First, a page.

Naphtali Fields October 19th, 2012
ArtCorps Artist Naphtali Fields and her youth theater group redefine rap.
“Diego! Hold your chest up! Proud like a soldier,” I walk across the room and do my best stiff-armed soldier impression. Diego nods his head affably and imitates me for about a half-second. Then his shoulders slump back into their constant hunch and he begins his gangster walk towards the rest of the group. “No, Diego,” I repeat, trying to keep the laugh out of my voice, “don’t slouch like that, you have to be sterner, more in control.” Again the nod and the smile, but he can’t do it. He walks like a happy rapper whether he’s supposed to be acting like an indigenous chief or an army sergeant.
Diego joined our theater group in Las Palmeras only a few weeks ago. His first day, I asked the group members to compose a rap based on three different parts of Salvadoran history: the indigenous period and the Spanish invasion, the civil war of the ’80s and the current situation. They complied enthusiastically, none more so than Diego. At the end of the session, we got up to share our verses. Most people were off-beat, but their rhymes were solid and their message sound. Then Diego stepped up. He began crooning about a true love’s rejection as he bounced up and down in the middle of the group, one hand gesturing wildly, the other on his crotch. He has clearly spent time watching music videos; when he finished he slouched back to his place in the circle with a grin.
I wasn’t the only one surprised by his performance. The next week, as I readied the music for a second go at the group rap, I turned around to find the whole group imitating Diego’s stance and pelvic thrusts. “Is this how you do it, Diego?” Yolanda asked as she bounced her butt in a cumbia-style rhythm. Our youngest member, a 12-year-old girl, began to attempt break dancing on the hard linoleum floor. I couldn’t help it; I started laughing. We were rapping about indignities, violence, history and our dreams for the future. And everyone was convinced that they needed to clutch their crotch and waggle their rears to get the message across.
We eventually came to an agreement about the movement/song relationship. Bopping is allowed. Thrusting is not. But I’ve been thinking a lot lately about Diego. For me, he represents what ArtCorps is all about.
Diego lives a hard life. He’s from a poor family and before I met him, he found something that filled him with joy: rap. He swallowed the messages, the movements, he even changed his walk to match that of his new pop-culture heroes. And then he came to our group. Suddenly, Diego was introduced to a different idea about what rap could do. It can motivate people to action. It can tell stories of the oppressed. It doesn’t have to be about sex and money and drugs. It can tell his own story in a powerful, redemptive way.
The beauty of working with community groups is that each member brings with them a richness of past experience when they join. Sometimes that takes the form of singing, acting, or drawing. Two of our group members love doing bike tricks and we want to incorporate that into a play someday. And Diego is our rapper. He teaches us rhythm that we didn’t have, and we help him understand that he holds a tool for good in his hand that all of us can use together.
This project is being carried out in collaboration with Servicio Jesuita para el Desarrollo and Oxfam America.
When ArtCorps Artist Naphtali Fields started choreographing a dance for the Las Palmeras youth group, she chose the three-count stomp as the base beat, assuming that it would be easy for the group.
“Stomp, stomp, CLAP. Stomp, stomp, CLAP.” I remember countless basketball games my high school gymnasium as the bleachers erupted with the sound of feet stomping and hands clapping their three-count beat for the team. I’ve always thought of this rhythm as the most basic of beats, good for encouragement, intimidation or amateur rap.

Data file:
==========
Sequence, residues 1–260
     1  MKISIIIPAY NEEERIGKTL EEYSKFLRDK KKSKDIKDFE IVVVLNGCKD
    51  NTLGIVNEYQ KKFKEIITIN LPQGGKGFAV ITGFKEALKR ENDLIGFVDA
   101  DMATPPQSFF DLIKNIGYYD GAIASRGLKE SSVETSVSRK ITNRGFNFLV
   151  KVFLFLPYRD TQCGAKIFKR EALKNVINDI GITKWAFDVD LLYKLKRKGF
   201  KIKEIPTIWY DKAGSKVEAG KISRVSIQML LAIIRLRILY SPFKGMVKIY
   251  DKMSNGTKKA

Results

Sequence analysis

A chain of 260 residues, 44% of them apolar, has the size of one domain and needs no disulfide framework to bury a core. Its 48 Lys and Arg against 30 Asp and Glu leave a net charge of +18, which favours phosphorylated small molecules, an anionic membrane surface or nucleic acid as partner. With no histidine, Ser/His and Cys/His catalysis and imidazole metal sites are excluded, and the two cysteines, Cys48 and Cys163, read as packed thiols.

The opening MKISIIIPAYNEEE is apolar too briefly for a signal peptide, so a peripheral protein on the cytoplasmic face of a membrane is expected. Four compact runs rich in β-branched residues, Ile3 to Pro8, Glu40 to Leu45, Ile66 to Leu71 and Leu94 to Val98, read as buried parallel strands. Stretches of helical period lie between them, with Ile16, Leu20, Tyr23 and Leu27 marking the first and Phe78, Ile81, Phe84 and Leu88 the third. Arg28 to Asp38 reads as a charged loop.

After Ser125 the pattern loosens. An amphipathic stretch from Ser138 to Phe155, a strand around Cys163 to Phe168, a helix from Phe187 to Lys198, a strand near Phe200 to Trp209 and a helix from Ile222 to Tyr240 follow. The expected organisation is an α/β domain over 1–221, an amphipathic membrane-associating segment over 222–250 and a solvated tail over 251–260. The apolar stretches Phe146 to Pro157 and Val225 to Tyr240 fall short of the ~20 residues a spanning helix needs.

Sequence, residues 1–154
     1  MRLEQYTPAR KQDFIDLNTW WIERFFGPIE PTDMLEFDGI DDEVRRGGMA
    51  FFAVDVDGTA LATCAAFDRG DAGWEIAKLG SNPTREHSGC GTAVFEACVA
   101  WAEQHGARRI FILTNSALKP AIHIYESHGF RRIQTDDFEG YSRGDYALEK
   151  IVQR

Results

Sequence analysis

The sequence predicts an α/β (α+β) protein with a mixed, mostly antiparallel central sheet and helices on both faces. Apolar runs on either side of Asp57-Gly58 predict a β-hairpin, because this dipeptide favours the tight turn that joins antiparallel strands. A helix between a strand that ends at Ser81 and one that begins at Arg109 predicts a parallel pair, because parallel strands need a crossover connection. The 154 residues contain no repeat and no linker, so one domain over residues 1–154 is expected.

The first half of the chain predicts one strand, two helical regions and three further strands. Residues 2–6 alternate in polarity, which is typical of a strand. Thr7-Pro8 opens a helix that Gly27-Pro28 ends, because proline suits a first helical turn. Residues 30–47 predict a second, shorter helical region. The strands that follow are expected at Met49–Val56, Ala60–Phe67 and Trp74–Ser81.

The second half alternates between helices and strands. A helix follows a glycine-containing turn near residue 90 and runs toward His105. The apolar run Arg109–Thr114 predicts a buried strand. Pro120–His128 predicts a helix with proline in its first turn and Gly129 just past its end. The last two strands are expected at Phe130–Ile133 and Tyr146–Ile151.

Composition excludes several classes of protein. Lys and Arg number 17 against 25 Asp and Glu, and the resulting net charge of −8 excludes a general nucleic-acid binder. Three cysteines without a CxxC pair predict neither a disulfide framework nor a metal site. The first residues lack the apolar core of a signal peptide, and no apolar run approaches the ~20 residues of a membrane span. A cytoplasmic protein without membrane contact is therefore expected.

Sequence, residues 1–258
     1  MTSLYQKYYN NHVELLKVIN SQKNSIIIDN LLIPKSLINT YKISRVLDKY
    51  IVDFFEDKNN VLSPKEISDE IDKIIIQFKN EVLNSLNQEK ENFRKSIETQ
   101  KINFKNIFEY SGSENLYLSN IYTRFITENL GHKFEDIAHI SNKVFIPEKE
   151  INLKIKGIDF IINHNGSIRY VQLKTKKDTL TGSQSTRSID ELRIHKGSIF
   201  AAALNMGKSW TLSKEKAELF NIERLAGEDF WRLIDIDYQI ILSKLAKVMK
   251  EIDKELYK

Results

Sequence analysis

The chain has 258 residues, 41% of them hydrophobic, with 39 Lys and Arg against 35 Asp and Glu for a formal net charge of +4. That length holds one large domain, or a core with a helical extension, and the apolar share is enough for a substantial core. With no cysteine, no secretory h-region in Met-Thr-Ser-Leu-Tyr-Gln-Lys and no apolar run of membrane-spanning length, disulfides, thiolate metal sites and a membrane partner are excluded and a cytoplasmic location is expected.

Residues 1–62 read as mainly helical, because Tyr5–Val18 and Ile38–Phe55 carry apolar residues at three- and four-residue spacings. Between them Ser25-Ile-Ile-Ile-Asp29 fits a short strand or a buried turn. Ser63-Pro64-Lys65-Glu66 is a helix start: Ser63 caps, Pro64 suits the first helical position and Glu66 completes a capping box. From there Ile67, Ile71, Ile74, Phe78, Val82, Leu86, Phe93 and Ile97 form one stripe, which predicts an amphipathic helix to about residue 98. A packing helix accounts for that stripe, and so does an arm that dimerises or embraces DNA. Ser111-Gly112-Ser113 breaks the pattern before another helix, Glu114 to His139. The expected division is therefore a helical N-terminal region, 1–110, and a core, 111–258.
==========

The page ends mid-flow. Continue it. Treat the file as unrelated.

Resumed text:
“It can’t be that bad,” my visiting friend Junia chided as I mourned over my group’s lack of rhythm.
“You have no idea!” I replied, “the boys have an amazing ability to mess up the beat in a different way every time. First they lift their foot wrong, then they forget to clap. The third time they start two counts too late. It’s incredible; they’ve found every possibility for error and make them all.”
We were walking the fifty minutes towards Las Palmeras for the second session with the group’s boys. They were cast as the farmers in our play about sustainable agricultural practices, performing a dance/rap number that promotes native seeds, organic fertilizers and more communal farming techniques. As all eight of them lined up with the broomsticks we were substituting for their traditional planting sticks, Junia flashed me an encouraging smile and began the stomp. I led the girls in the rap as the line haltingly marched forward, hitting their broomsticks against the ground as they tried to keep up with Junia’s rhythmic marching. One verse in she called for everyone to stop.
“This isn’t working,” she stated. “Let’s divide up and have them watch us as we walk through it.”
Then we grabbed partners and made them do the routine with us. Then we all just tried to clap the rhythm. Three hours later we were still working on the same one-minute song. The clouds suddenly broke over our heads and as we started to run the long, muddy way home we shouted encouragement at the tired boys. “You can do it! We’ll see you next week!”
Stomp, stomp, CLAP.
Five days later a girl from the group told me that every night the youth had been meeting on their own to work on the rap/choreography. The girls were learning it, the boys were getting better, and everyone was excited to show off their skills to me on Saturday.
“We’re not going to embarrass ourselves,” she told me confidently. “We’ll practice every day if we have to.”
I congratulated her on her commitment to the play but couldn’t stop thinking about the awkward dancing boys. Is there another rhythm that would be easier for them? Am I imposing some kind of American beat that doesn’t fit with the movement of Salvadoran culture?
Saturday came but instead of showing off their practice, they wanted to work on the choreography for our second song. I spent some long minutes trying to get us lined up on the right beat, kicking at the same time with the same leg and twirling in the same direction.